A high-ranking state administrator is asking the city of South Tucson to consider rescinding a 2008 voter initiative banning steroid injections for racing greyhounds.
Arizona Department of Racing Director Bill Walsh sent a memo to South Tucson two weeks ago asking the city to revisit the law.
Proponents of the measure said steroids harm female greyhounds and shorten their lives.
Former Tucson Greyhound Park CEO and General Manager Tom Taylor always contended injecting steroids into female greyhounds is safe when properly administered, and is an accepted form of birth control in the racing world.
Walsh said state law designates the Racing Department as the sole regulator of horse and dog racing in Arizona.
By implementing the measure, South Tucson subverted the department’s “power and authority to regulate the industry and the property on which the races are conducted,” Walsh wrote in the memo.
South Tucson City Manager Luis Gonzales said while the ultimate decision lies with the City Council, he’s inclined to agree with Walsh.
Gonzales said his years spent in the Legislature and as a gaming regulator lead him to believe state law trumps local ordinance.
“The concern for us is whether or not we have the ability to enforce it at the racetrack,” Gonzales said. “State law gave the Racing (Department) the ability to regulate racing issues … so it’s my personal opinion we do not have jurisdiction.”
Even though South Tucson’s attorney hasn’t issued an opinion yet, Gonzales said it’s unlikely the council will overturn the voter-approved ordinance when it discusses the topic at Wednesday’s meeting.
But the council might decide to amend the animal-control agreement with Pima County to eliminate the enforcement provision for injecting greyhounds with steroids at Tucson Greyhound Park, Gonzales said.
The council ultimately has to decide if the city statute infringes on state law.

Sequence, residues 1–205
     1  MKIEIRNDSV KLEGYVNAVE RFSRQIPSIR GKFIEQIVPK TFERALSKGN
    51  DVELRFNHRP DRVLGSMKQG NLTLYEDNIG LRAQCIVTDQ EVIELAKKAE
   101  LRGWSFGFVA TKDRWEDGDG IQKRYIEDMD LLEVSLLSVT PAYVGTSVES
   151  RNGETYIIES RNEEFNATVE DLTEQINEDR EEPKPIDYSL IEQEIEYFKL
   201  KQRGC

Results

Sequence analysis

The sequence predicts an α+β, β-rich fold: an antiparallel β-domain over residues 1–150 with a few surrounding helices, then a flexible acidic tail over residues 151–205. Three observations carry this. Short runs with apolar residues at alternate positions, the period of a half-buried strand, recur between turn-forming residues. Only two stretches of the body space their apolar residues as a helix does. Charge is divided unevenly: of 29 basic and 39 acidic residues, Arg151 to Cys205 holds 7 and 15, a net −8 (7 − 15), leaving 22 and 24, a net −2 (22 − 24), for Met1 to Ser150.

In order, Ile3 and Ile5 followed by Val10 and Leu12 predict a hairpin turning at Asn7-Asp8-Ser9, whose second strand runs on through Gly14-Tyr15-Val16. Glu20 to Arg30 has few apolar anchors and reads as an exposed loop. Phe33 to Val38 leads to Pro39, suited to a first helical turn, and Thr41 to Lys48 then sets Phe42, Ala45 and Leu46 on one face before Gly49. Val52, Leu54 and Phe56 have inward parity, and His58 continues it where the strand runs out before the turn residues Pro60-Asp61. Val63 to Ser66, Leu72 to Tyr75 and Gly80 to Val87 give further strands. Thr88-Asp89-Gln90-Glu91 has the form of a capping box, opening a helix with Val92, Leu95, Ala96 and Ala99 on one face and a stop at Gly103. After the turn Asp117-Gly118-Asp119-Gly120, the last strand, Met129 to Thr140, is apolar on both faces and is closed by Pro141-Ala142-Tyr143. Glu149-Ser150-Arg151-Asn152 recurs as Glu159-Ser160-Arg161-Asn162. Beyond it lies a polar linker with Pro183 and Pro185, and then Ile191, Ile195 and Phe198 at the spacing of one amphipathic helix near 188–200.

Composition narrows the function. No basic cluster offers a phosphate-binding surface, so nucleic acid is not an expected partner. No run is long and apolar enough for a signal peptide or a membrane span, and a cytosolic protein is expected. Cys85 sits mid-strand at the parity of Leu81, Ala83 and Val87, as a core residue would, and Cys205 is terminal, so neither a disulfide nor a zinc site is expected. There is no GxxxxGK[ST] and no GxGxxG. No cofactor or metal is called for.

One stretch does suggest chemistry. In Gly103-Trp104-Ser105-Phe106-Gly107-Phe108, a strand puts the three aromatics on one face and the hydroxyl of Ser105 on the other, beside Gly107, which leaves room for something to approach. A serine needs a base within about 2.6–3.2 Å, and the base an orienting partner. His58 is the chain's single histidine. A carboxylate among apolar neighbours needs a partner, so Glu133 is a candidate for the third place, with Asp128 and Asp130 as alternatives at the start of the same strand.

“If we are, we shouldn’t be,” he said.
But not everyone agrees.
“I find it a little curious Walsh has taken this position and doesn’t cite any legal authority,” said Susan Via, a former U.S. attorney who helped write the 2008 initiative. “He just says, we regulate, so don’t enforce your law that was duly passed by the people of South Tucson.”
Via said countless examples abound where local ordinances are stricter than what state law provides.
Those laws are perfectly fine, Via said, unless the Legislature passes a law specifically to preempt a local ordinance as it has done with local Tucson gun ordinances over the years.
“If the state had done that with regards to dog racing, then (Walsh) would be correct that South Tucson couldn’t pass a statute, but that’s not what happened,” she said.
Both Tucson and Pima County passed laws over the past year similar to South Tucson’s ordinance.
It’s unknown if Walsh plans on asking those two municipalities if they will consider amending their laws as well.
But David Deibel, chief deputy city attorney, implied the city won’t change any of its ordinances based on bureaucratic decree.
“A person charged with violating it could allege that the state laws preempt the local law as a defense,” Deibel wrote in an email. “But a state regulatory official can’t simply overturn it.”
Chris Straub, chief civil deputy with the County Attorney’s Office, said whenever pre-emption arises, it’s typically relegated to the courts.
Walsh did not respond to the Star’s requests for comment.
Tucson Councilman Steve Kozachik, who spearheaded the city measure, was perplexed by Walsh’s request.
“With all due respect to Mr. Walsh, but he’s suggesting that a bureaucrat in Phoenix has the administrative authority to overturn the vote of the people, and five years after the fact, at that,” Kozachik said. “I’m not sure I buy what he’s selling.”
Kozachik said Walsh’s request might contain more than just a desire to iron out some legal issues.
“Let’s understand that his agency gets their funding from the same industry that he’s saying he’ll monitor,” Kozachik said. “Sounds like the fox in the hen house to me.”